24 Feb Suspensions Plummet in NYC School That Incentivizes Good Behavior – AcceliBEAT Weekly Round Up 2/20-2/24February 24, 2017
Good Friday Morning. We have lots of education and disability news to share with you this week, including how one NYC school has used restorative justice to bring suspensions down from 150 per day to only a dozen in an entire semester. In other news, this week in a unanimous ruling, the U.S. Supreme Court sided with the family of a girl with cerebral palsy who sought to bring her service dog to school, and in another legal battle, a blind man is suing McDonald’s over drive-thru only ordering, claiming it’s in violation of the American with Disabilities Act. All this and more in this week’s AcceliBEAT!
Suspensions Plummet in NYC School That Incentivizes Good Behavior
Robert Van Wyck Middle School in New York City has about 1,650 students, and four years ago it averaged about 150 suspensions per year. By the end of the first semester this year, there had only been a dozen. Longtime Principal Patrick Burns credits plummeting suspensions to a combination of factors and an ability to track progress.
GoFundMe Looks To Help Athletes With Disabilities
As thousands of athletes with disabilities from around the world prepare to converge upon the Special Olympics, they’re getting some help to make their way. GoFundMe has partnered with Special Olympics to highlight the stories of hundreds of athletes set to compete in the World Winter Games in Austria next month.
Study Finds Medicaid Waivers Help Parents Stay Employed
Parents of children with autism are more likely to remain in the workforce if they have access to Medicaid waiver services for their kids, new research suggests. In a study looking at over 17,000 children on the spectrum, researchers found a link between the availability of waivers and parent employment.
Supreme Court Sides With Family In Service Dog Case
Wonder the goldendoodle will get another shot in court. The U.S. Supreme Court on Wednesday unanimously ruled that the U.S. 6th Circuit Court of Appeals should reconsider whether Ehlena Fry and her family can sue a Michigan school district for its decision years ago to tell Ehlena, who has cerebral palsy, that she couldn’t bring her service dog to school.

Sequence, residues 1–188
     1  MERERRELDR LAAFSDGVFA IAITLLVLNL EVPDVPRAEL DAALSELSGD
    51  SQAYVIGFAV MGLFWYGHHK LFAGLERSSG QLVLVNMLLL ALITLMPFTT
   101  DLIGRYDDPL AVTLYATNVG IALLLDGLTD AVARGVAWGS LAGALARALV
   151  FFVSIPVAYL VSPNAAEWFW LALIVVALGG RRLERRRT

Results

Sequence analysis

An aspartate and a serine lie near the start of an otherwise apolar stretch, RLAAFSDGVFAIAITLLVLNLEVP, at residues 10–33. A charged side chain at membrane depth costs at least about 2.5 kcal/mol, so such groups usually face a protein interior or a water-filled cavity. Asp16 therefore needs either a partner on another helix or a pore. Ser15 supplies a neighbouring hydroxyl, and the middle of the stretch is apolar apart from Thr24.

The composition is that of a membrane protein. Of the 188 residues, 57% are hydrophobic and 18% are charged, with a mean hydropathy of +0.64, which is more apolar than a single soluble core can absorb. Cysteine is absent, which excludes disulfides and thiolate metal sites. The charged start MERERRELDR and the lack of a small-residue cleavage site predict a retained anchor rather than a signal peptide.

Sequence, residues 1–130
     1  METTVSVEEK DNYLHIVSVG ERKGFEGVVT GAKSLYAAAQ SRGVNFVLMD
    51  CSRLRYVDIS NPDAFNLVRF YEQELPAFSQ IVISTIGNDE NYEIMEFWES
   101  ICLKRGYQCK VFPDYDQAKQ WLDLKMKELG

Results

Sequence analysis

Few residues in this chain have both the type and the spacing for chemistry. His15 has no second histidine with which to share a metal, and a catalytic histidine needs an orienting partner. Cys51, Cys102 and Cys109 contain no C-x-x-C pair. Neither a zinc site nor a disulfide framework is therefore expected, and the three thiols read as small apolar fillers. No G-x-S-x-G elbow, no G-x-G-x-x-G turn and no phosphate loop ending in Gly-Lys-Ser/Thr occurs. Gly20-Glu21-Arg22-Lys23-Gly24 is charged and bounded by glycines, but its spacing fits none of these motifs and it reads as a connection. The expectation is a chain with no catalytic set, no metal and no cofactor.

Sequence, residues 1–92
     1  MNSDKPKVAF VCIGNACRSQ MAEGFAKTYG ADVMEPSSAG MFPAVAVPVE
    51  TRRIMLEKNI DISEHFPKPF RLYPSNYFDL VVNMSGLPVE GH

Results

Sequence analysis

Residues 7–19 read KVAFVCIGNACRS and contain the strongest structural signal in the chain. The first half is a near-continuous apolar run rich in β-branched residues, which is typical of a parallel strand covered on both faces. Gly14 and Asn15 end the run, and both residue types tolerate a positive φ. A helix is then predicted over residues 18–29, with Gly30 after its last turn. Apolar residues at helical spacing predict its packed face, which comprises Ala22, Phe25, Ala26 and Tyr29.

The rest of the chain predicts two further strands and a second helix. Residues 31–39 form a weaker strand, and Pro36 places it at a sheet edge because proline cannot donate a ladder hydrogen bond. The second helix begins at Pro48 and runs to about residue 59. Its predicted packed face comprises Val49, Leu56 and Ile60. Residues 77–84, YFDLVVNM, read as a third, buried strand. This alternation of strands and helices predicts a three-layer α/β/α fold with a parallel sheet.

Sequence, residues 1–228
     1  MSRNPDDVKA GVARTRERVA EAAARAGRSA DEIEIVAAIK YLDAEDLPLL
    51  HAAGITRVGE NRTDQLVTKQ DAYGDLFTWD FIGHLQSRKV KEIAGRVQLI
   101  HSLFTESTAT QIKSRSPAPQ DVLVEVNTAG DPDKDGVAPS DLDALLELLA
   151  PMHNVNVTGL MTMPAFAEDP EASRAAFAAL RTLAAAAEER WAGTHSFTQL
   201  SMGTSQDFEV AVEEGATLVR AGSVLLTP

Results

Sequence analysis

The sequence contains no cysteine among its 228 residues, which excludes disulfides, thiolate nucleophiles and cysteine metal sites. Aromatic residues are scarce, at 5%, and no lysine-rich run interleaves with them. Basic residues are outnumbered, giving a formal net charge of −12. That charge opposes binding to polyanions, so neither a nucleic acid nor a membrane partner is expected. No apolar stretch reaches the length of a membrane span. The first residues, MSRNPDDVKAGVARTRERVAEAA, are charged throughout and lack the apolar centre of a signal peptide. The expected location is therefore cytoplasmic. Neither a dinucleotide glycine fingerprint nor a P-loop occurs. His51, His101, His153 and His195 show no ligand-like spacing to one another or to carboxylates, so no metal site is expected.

Can ‘Sober High’ Schools Keep Teenagers off Drugs?
Independence Academy is one of 33 so-called recovery schools in the United States, public high schools that serve students whose lives and educations have been derailed by drug abuse.
Judge Says Blind Man Can Sue McDonald’s Over Drive-Thru-Only Ordering
A blind man from Louisiana wants the fast-food giant to come up with another solution for those who physically can’t drive through a drive-thru. Scott Magee, who is blind, filed a lawsuit in May alleging that only offering service to customers in cars at drive-thru windows when the interior of the store is closed is a violation of the Americans with Disabilities Act.
Prayers, Precision and Push-Ups: A Special Ed Teacher Puts His Unusual Background to Work in the Classroom
Caleb Asomugha’s professional life has taken many turns. He spent time exploring his faith in seminary, is a member of the Army Reserve and ran his own fitness business as a personal trainer. Asomugha’s latest venture: Teaching special education at Academy for Young Writers in East New York. Now, he uses prayerful patience and military precision to execute classroom lessons.
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